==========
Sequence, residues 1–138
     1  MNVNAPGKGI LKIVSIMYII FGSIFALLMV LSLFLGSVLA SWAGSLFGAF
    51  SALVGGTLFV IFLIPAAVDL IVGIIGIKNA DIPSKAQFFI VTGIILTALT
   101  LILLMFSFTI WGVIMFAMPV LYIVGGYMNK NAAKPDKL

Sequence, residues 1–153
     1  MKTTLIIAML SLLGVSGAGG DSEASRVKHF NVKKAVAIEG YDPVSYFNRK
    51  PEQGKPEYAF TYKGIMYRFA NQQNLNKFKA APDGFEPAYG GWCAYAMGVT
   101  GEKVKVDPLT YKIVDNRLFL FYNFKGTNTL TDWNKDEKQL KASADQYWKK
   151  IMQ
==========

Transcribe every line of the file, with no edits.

Sequence, residues 1–138
     1  MNVNAPGKGI LKIVSIMYII FGSIFALLMV LSLFLGSVLA SWAGSLFGAF
    51  SALVGGTLFV IFLIPAAVDL IVGIIGIKNA DIPSKAQFFI VTGIILTALT
   101  LILLMFSFTI WGVIMFAMPV LYIVGGYMNK NAAKPDKL

Sequence, residues 1–153
     1  MKTTLIIAML SLLGVSGAGG DSEASRVKHF NVKKAVAIEG YDPVSYFNRK
    51  PEQGKPEYAF TYKGIMYRFA NQQNLNKFKA APDGFEPAYG GWCAYAMGVT
   101  GEKVKVDPLT YKIVDNRLFL FYNFKGTNTL TDWNKDEKQL KASADQYWKK
   151  IMQ